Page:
New Bond for Man Charged in MLK Day Viral Video Altercation in Brickell

Mark Bartlett, 51, is charged with three counts of aggravated assault with prejudice and two firearms counts

An armed white man who got into a traffic confrontation with a group of black teenagers protesting housing inequality on Martin Luther King Jr. Day in Brickell was back in court Tuesday where a judge gave him a higher bond on new hate crime charges.

Mark Bartlett, 51, is charged with one count of carrying a concealed weapon, aggravated assault with a firearm, two counts of aggravated assault with a firearm with prejudice, and one count of improper exhibition of a dangerous weapon or a firearm with prejudice in the Jan. 21 incident on Brickell Avenue. During a hearing Tuesday, his bond was raised to $32,500 and he was ordered to stay away from the alleged victims.

The charges are brought under a state law allowing enhanced hate-crime penalties when a crime is motivated by prejudice. Bartlett has entered a not guilty plea.

Cellphone video taken by bystanders showed Bartlett carrying a handgun and yelling racial slurs at the teenagers on bicycles blocking traffic in downtown Miami. Bartlett's girlfriend was also involved — at one point calling the group "thugs" — but was not charged with any crime.

The protest involved potential loss of affordable housing in the impoverished Liberty City neighborhood. It coincided with a much larger event, "Wheels Up, Guns Down," that was timed to coincide with Martin Luther King Jr. Day and involved mostly young African-American men riding motorcycles and all-terrain vehicles at high speeds in traffic, popping wheelies and riding while standing on the seats.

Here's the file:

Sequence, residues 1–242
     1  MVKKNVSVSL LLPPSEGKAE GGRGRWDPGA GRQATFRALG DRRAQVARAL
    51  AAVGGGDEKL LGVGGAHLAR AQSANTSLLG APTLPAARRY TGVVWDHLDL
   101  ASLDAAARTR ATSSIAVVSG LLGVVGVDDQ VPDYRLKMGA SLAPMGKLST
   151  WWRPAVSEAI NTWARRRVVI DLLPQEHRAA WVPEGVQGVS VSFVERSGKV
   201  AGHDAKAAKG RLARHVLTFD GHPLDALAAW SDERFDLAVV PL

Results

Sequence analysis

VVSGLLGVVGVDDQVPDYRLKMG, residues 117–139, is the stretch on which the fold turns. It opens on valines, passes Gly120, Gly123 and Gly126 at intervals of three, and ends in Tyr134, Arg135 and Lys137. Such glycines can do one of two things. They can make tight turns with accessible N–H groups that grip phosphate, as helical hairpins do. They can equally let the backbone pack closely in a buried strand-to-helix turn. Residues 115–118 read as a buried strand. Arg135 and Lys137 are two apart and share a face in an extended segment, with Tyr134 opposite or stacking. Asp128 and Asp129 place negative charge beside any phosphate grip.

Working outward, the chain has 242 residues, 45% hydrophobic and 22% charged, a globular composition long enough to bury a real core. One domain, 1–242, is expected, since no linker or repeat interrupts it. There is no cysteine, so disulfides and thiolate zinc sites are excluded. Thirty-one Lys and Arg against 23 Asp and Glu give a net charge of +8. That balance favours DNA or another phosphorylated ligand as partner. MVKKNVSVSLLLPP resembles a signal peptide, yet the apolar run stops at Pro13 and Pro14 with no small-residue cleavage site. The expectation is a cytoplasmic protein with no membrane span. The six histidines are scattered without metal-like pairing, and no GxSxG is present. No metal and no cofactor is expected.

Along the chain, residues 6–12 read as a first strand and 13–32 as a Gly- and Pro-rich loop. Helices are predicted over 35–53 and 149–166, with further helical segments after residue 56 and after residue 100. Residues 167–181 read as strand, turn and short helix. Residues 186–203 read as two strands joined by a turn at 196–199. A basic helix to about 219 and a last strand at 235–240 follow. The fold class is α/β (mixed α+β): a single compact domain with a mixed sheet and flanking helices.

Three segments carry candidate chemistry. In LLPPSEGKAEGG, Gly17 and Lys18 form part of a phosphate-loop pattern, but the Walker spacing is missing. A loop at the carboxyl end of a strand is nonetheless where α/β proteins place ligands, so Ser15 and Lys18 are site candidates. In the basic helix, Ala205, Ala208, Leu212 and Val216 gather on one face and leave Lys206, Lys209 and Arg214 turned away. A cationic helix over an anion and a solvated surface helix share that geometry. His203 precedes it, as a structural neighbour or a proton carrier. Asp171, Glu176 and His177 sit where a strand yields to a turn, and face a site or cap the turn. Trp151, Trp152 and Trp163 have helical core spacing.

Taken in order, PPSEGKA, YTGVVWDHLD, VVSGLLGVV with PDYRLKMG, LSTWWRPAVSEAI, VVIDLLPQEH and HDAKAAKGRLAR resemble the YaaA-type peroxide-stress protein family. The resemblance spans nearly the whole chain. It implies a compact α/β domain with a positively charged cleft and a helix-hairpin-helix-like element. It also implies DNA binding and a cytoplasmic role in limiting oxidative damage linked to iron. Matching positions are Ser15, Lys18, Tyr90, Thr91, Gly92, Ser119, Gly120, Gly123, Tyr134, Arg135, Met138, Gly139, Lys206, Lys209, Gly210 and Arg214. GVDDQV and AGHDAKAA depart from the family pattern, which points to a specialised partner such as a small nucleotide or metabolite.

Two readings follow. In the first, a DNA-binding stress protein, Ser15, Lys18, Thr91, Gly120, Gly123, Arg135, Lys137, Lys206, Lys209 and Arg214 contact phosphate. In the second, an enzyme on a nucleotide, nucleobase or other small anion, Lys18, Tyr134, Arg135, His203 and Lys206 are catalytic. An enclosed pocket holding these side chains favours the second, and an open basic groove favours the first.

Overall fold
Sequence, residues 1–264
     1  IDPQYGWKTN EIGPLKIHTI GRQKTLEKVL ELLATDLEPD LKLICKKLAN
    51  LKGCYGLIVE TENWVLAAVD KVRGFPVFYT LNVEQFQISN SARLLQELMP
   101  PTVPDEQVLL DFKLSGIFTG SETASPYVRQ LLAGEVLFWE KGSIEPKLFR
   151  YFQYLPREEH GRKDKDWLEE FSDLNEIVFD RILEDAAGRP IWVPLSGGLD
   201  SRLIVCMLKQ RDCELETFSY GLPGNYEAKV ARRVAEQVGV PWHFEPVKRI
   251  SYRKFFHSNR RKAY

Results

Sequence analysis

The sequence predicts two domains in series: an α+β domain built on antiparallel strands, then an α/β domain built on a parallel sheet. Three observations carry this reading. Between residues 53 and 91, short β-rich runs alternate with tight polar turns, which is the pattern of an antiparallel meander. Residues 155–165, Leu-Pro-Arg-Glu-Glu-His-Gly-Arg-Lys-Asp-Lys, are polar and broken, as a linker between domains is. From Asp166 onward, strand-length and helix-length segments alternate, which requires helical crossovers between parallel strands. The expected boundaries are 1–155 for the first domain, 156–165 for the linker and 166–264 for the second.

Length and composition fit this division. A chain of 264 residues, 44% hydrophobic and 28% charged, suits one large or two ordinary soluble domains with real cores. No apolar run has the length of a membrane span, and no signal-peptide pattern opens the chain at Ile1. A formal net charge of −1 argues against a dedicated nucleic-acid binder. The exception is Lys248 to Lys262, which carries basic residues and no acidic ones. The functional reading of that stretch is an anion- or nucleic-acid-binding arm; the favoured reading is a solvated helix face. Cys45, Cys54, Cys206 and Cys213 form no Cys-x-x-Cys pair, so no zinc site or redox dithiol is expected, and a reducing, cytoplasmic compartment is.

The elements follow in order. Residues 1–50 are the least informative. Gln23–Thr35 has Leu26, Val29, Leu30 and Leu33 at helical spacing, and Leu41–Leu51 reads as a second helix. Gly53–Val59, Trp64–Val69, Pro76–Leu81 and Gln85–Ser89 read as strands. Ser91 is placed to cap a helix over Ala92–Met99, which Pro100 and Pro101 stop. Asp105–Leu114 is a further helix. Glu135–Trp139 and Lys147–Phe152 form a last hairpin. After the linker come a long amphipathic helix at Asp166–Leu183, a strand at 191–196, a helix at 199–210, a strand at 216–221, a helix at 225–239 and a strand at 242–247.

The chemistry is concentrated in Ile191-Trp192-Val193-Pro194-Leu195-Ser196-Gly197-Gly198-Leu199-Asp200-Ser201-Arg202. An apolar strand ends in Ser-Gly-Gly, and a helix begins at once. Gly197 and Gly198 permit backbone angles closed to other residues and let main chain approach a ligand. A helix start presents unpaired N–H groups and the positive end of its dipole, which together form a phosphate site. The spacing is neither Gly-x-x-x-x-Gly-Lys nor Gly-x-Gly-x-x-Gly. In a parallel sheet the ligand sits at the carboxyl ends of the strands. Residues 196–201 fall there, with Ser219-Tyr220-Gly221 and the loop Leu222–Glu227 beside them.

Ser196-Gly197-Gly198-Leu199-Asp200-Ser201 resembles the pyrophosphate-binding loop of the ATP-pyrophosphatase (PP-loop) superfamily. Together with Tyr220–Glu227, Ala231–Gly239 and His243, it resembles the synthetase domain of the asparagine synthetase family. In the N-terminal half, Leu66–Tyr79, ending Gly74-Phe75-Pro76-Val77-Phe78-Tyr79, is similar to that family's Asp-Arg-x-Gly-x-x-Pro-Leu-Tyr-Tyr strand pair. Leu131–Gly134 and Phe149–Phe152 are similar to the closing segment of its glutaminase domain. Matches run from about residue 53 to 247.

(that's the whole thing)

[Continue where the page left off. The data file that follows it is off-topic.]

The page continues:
Bartlett's lawyers said in an email that they are disappointed in the new charges and contended they were brought partly because of political pressure.

"It is a political prosecution, it is not a hate crime. We don’t have mob justice in America, and we hope he will be vindicated in a court of law and not tried in a court of public opinion," defense attorney Jayne Weintraub said.

Bartlett also told police he never pointed his gun at any of the protesters, according to an arrest report. Bartlett had been initially charged only with illegally carrying a concealed weapon.

Attorneys for some of the teenagers have also filed a civil rights lawsuit against Bartlett and his girlfriend, Dana Scalione, accusing them of hate crimes, assault, battery and infliction of emotional distress. The lawsuit seeks unspecified damages.

Copyright AP - Associated Press
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